Kubo and the Two Strings | Screen | Pittsburgh | Pittsburgh City Paper

Kubo and the Two Strings

Perhaps best of all are the film’s ravishing visuals and lyrical sensibility

On a quest: Kubo (right), with his snow monkey
On a quest: Kubo (right), with his snow monkey
Lots of kids’ films invoke the emotional trauma of a missing parent; in Kubo and the Two Strings, it’s the boy protagonist’s dad who is gone. But the opening scenes of this animated fantasy adventure up the ante by casting young Kubo as both breadwinner and caretaker for his semi-invalid (if magical) mother. And the film’s villains, while they’re not out to do anything so grand as destroy the world, do want Kubo’s right eye — the one they didn’t take the first time they got hold of him.

That detail adds a compellingly dark, Brothers Grimm-like undertow to director Travis Knight’s engaging animated film. Like all good kids’ movies, it’s more complex than it seems. Kubo (voice of Art Parkinson) is a street storyteller with magical powers: As he spins his tales for villagers while playing his three-stringed shamisen, self-folding origami figures act out the epic battles in a way that echoes this film’s own unique combination of stop-motion photography (for character close-ups) and CGI.

And just as Kubo’s themes include the power of story, Kubo himself becomes a hero of what could be one of his tales. With two eerie witches — his own aunts! — intent on plucking that dark-brown eye, he’s literally hurled into a quest to recover his late samurai father’s unbreakable sword and indestructible armor. His guides are a tiny, mute, origami samurai; a protective if irascible snow monkey (Charlize Theron); and a formerly human samurai who’s now a loyal but forgetful anthropomorphized beetle warrior (Matthew McConaughey).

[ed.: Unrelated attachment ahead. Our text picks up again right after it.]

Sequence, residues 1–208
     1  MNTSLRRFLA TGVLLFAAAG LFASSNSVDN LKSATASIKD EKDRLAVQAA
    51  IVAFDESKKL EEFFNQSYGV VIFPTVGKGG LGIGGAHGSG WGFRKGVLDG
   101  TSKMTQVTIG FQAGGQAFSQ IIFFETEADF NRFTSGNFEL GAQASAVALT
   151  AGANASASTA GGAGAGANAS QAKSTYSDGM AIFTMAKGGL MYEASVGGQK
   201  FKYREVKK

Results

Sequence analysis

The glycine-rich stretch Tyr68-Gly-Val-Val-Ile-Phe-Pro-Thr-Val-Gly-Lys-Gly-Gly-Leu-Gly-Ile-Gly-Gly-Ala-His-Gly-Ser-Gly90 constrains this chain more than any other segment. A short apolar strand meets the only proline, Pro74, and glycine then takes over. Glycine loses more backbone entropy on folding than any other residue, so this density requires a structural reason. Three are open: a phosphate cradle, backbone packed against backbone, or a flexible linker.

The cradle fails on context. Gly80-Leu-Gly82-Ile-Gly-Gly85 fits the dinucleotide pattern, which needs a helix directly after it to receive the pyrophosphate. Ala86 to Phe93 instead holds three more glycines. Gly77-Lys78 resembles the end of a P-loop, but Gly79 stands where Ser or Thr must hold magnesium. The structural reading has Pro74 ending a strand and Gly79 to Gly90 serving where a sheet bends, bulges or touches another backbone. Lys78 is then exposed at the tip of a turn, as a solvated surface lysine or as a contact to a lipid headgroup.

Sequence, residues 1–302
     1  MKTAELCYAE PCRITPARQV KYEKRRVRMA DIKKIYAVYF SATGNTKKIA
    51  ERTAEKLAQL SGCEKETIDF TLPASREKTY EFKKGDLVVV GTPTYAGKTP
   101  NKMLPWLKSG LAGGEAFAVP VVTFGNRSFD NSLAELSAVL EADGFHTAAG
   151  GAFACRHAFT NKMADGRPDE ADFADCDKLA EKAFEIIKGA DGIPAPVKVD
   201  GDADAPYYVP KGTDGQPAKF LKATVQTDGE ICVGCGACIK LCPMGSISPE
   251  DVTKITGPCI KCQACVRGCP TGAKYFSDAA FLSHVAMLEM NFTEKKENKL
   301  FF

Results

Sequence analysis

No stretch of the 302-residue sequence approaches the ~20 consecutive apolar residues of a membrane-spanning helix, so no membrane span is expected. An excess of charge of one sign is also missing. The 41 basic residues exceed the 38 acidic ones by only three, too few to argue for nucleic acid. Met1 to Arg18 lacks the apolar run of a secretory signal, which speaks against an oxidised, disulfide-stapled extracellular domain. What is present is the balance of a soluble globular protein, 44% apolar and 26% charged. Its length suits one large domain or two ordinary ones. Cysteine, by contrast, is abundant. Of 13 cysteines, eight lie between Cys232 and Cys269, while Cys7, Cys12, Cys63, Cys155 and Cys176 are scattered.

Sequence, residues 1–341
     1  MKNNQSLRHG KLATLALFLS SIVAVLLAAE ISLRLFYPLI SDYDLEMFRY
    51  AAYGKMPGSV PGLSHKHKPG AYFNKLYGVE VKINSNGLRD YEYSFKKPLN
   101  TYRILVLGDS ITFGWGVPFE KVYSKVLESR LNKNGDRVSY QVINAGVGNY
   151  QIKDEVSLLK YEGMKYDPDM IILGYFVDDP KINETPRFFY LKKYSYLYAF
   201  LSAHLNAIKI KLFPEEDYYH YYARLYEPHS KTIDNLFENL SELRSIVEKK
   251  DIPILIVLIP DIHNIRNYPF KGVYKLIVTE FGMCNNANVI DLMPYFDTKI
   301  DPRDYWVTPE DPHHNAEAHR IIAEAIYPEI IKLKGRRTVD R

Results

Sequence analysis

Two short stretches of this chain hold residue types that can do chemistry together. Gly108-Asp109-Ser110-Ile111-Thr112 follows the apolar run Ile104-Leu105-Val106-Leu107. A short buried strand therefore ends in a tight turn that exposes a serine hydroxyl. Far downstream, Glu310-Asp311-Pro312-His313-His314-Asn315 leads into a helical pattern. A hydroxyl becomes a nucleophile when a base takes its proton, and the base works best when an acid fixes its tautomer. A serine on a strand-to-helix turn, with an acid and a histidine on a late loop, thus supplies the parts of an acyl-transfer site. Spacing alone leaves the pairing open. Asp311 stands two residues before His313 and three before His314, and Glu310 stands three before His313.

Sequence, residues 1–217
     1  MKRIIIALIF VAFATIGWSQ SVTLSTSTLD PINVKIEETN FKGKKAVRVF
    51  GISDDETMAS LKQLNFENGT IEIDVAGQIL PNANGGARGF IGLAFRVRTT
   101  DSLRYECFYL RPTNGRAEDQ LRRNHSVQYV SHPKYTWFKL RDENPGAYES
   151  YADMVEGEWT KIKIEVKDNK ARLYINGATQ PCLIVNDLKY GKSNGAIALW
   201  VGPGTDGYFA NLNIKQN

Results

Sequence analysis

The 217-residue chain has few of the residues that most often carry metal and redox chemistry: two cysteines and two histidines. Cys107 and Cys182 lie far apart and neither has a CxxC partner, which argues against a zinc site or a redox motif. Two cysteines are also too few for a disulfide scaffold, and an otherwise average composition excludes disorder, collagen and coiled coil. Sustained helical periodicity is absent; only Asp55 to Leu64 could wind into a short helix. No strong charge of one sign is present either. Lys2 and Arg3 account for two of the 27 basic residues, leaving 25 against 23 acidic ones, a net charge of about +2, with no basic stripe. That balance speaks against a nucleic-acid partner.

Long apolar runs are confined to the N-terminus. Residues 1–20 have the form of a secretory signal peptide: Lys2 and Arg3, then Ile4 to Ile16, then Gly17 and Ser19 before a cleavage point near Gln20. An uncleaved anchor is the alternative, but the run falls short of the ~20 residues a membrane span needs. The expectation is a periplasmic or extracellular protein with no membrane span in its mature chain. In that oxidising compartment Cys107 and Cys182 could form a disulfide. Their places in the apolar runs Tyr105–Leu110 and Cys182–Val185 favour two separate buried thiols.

While the leads are charming, Kubo, full of both grit and wonder, isn’t easily distinguishable from other plucky kids in fantasy adventures. Some of the story’s acts of magic appear out of nowhere, as needed, rather than being set up. And toward its end, the film gets a bit talky.

Nonetheless, Kubo’s flow of action and humor kept kids at a preview screening alternately engrossed and giggling. The film treats Japanese culture respectfully, even while adding touches like Kubo’s magical, windmilling power chords on his banjo-like shamisen. Perhaps best of all, though, are Kubo’s ravishing visuals — coastal sunsets, mountain vistas, a bustling village — and a lyrical sensibility that gives us treats like a boat made from autumn leaves, and a revelatory journey to the bottom of the sea. These are perfect dreamlike accompaniment for the story’s testament to the faculty of memory as humanity’s treasure.

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